The 10 Most Important Life Lessons I Learned By 21
This might be a long one, so grab a cup of Joe and cozy up on the cushions for this.
A few weeks ago, I turned 21 years old.
When I sit back and think about the fact that I have been alive for two decades plus a year, there is a mixture of feelings that stir inside of me.
A part of me feels like I am still a 10-year-old child who doesn’t understand how the world works and wants to play on her Nintendo DS Lite all day. Another part of me feels like I should actually be turning 61 years old. My body is still young, but not as young as it used to be. I sometimes find myself preferring nights in with cozy candles and a movie on the TV. I blame the stress over the last four years at a University for this feeling, but I still wouldn’t take back my experiences I’ve had at Appalachian State University for nothing.
Setting aside how I’m feeling, when I reminisce over the last 21 years of my life, it’s incredible how much I’ve learned in such a short yet seemingly long chunk of my life.
1. You’re Not Everyone’s Cup Of Tea
When I was in middle school, there was a girl in my class that I knew didn’t like me. There were times she would go out of her way to either avoid me or to make fun of me. Whether it was because of the way I dressed, the way I spoke, the way I carried myself or my personality, it sucked knowing that there was someone out there that looked at me and curled their nose in disgust anytime I was around. I’m not going to sit here and lie to you and say that it doesn’t still kind of suck when you learn about someone’s disinterest in you, even as an adult. However, here is the difference between middle school Megan and Megan now.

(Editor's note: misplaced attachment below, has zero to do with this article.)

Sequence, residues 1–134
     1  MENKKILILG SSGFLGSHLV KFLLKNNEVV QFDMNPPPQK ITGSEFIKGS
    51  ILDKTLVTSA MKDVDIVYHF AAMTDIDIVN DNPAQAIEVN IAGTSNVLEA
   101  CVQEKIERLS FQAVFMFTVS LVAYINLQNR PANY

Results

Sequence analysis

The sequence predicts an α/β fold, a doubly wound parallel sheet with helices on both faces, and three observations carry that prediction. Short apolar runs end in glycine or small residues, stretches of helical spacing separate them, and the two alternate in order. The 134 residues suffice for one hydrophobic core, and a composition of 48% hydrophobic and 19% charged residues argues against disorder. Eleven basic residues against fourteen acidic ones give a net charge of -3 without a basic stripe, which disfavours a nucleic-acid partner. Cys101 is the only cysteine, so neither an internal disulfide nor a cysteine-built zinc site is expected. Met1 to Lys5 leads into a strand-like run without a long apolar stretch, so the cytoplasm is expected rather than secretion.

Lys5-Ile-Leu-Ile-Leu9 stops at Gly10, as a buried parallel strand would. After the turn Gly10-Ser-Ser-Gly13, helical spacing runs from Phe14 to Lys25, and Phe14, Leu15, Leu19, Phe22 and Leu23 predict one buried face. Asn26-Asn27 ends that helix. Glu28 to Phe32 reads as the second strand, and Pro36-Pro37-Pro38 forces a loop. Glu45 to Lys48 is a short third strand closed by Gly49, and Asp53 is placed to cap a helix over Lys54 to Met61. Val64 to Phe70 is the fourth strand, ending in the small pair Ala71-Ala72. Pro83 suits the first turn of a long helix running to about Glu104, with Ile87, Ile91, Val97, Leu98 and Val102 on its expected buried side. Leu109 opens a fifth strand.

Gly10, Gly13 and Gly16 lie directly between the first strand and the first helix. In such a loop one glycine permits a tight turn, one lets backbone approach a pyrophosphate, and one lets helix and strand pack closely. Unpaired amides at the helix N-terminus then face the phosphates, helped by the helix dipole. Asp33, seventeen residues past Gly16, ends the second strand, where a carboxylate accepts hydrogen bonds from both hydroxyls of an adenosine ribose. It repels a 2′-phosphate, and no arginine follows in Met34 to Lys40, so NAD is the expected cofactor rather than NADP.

When learning that someone didn’t like her, middle school Megan would probably cry. She would go home and cry and try to figure out why she wasn’t good enough to be a part of the “cool kids.” She would go home and dwell on it for hours at a time and question everything about herself to try and figure out why she was not able to be liked. Now, Megan shrugs her shoulders and says, “I don’t care if you don’t like me.”
It may sound like it comes off as somewhat passive aggressive when you read it, but it’s true. I don’t care. I am living my life for myself. Not for you. What matters most is that I like myself, who I am, and who I am becoming. Your opinion of me does not matter. It will not affect my everyday life. That’s okay that you don’t like me—I am not going to sit here and drown in the questions of why, because at the end of the day, it doesn’t matter. If you do not like me, you do not have to be around me. Go be around the people you do like and stop spending so much time worried about you showing me how much you don’t like me. I like myself—that’s what means the most to me.
2. Real Friends Are Forever
I met my best friend, Maya, over 10 years ago in a small dance studio in Belmont, North Carolina. Most of the time, when you ask someone how they met their best friend, they can pinpoint an exact time, day, and moment. However, I can seriously look you in the eye (just imagine I’m looking at you through the screen) and tell you I cannot remember when my friend and I became best friends.
Back in 2017, when we both graduated from high school, I would be lying to you if I said there wasn’t a part of me that was absolutely terrified of both of us leaving our hometown and spending 100 miles apart at different schools with different schedules, meeting new people and starting new lives after spending nearly every day and every hour together back home. There was a part of me that worried I was going to lose my best friend and things wouldn’t be the same when we would see each other again.